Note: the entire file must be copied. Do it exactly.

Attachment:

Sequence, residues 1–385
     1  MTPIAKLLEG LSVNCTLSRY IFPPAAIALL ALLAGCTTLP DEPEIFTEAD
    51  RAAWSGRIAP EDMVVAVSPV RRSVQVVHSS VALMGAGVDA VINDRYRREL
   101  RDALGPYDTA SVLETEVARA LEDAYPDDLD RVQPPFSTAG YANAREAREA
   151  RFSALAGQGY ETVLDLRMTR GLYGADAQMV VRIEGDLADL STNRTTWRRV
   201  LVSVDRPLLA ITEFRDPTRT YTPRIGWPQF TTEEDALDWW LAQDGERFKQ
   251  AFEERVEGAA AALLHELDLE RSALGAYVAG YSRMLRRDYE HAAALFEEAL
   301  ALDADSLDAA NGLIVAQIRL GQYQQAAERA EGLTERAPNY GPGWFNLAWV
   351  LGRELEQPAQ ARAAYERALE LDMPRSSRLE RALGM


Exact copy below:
Sequence, residues 1–385
     1  MTPIAKLLEG LSVNCTLSRY IFPPAAIALL ALLAGCTTLP DEPEIFTEAD
    51  RAAWSGRIAP EDMVVAVSPV RRSVQVVHSS VALMGAGVDA VINDRYRREL
   101  RDALGPYDTA SVLETEVARA LEDAYPDDLD RVQPPFSTAG YANAREAREA
   151  RFSALAGQGY ETVLDLRMTR GLYGADAQMV VRIEGDLADL STNRTTWRRV
   201  LVSVDRPLLA ITEFRDPTRT YTPRIGWPQF TTEEDALDWW LAQDGERFKQ
   251  AFEERVEGAA AALLHELDLE RSALGAYVAG YSRMLRRDYE HAAALFEEAL
   301  ALDADSLDAA NGLIVAQIRL GQYQQAAERA EGLTERAPNY GPGWFNLAWV
   351  LGRELEQPAQ ARAAYERALE LDMPRSSRLE RALGM